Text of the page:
Segment data and estimate models for each segment

`segment`

is not compatible with MATLAB^{®} Coder™ or MATLAB Compiler™.

segm = segment(z,nn) [segm,V,thm,R2e] = segment(z,nn,R2,q,R1,M,th0,P0,ll,mu)

`segment`

builds models of AR, ARX, or ARMAX/ARMA
type,

$$A(q)y(t)=B(q)u(t-nk)+C(q)e(t)$$

assuming that the model parameters are piecewise constant over time. It results in a model that has split the data record into segments over which the model remains constant. The function models signals and systems that might undergo abrupt changes.

The input-output data is contained in `z`

,
which is either an `iddata`

object or a matrix ```
z
= [y u]
```

where `y`

and `u`

are
column vectors. If the system has several inputs, `u`

has
the corresponding number of columns.

The argument `nn`

defines the model order.
For the ARMAX model

nn = [na nb nc nk];

where `na`

, `nb`

, and `nc`

are
the orders of the corresponding polynomials. See What Are Polynomial Models?. Moreover, `nk`

is
the delay. If the model has several inputs, `nb`

and `nk`

are
row vectors, giving the orders and delays for each input.

For an ARX model (`nc = 0`

) enter

nn = [na nb nk];

For an ARMA model of a time series

z = y; nn = [na nc];

and for an AR model

nn = na;

The output argument `segm`

is a matrix, where
the `k`

th row contains the parameters corresponding
to time `k`

. This is analogous to output estimates
returned by the `recursiveARX`

and `recursiveARMAX`

estimators. The output
argument `thm`

of `segment`

contains
the corresponding model parameters that have not yet been segmented.
Each row of `thm`

contains the parameter estimates
at the corresponding time instant. These estimates are formed by weighting
together the parameters of `M`

(default:
5) different time-varying models, with the participating models changing
at every time step. Consider `segment`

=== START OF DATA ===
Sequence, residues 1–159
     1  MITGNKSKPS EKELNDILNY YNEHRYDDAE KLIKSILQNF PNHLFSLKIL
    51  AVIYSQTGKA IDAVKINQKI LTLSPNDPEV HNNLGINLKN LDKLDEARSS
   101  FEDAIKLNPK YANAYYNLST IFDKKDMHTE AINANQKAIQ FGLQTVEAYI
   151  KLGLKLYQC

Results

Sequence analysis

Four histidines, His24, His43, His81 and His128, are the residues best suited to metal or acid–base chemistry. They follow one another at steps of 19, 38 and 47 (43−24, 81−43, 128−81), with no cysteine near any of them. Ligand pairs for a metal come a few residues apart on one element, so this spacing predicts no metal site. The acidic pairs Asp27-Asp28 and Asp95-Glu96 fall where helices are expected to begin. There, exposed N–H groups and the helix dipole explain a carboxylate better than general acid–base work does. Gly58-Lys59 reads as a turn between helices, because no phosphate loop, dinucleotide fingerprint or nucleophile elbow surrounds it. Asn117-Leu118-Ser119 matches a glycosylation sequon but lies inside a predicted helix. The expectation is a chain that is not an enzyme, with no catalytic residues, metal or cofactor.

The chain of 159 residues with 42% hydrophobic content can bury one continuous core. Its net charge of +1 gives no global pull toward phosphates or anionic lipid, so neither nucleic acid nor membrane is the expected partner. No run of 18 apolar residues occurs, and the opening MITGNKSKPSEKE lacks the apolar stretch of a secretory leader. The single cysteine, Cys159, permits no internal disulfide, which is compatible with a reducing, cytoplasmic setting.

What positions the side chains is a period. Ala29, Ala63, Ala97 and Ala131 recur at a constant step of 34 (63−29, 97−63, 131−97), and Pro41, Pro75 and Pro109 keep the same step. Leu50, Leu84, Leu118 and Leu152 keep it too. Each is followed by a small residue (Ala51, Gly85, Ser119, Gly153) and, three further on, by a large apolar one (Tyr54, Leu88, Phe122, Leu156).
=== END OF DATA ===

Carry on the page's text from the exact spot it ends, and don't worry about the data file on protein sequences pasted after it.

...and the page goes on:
as
an alternative to the online estimation commands when you are not
interested in continuously tracking the changes in parameters of a
single model, but need to detect abrupt changes in the system dynamics.

The output argument `V`

contains the sum of
the squared prediction errors of the segmented model. It is a measure
of how successful the segmentation has been.

The input argument `R2`

is the assumed variance
of the innovations *e*(*t*)
in the model. The default value of `R2`

, ```
R2
= []
```

, is that it is estimated. Then the output argument `R2e`

is
a vector whose `k`

th element contains the estimate
of `R2`

at time `k`

.

The argument `q`

is the probability that the
model exhibits an abrupt change at any given time. The default value
is `0.01`

.

`R1`

is the assumed covariance matrix of the
parameter jumps when they occur. The default value is the identity
matrix with dimension equal to the number of estimated parameters.

`M`

is the number of parallel models used in
the algorithm (see below). Its default value is `5`

.

`th0`

is the initial value of the parameters.
Its default is zero. `P0`

is the initial covariance
matrix of the parameters. The default is 10 times the identity matrix.

`ll`

is the guaranteed life of each of the
models. That is, any created candidate model is not abolished until
after at least `ll`

time steps. The default is ```
ll
= 1
```

. `Mu`

is a forgetting parameter that
is used in the scheme that estimates `R2`

. The default
is `0.97`

.

The most critical parameter for you to choose is `R2`

.
It is usually more robust to have a reasonable guess of `R2`

than
to estimate it. Typically, you need to try different values of `R2`

and
evaluate the results. (See the example below.) `sqrt(R2)`

corresponds
to a change in the value *y*(*t*)
that is normal, giving no indication that the system or the input
might have changed.

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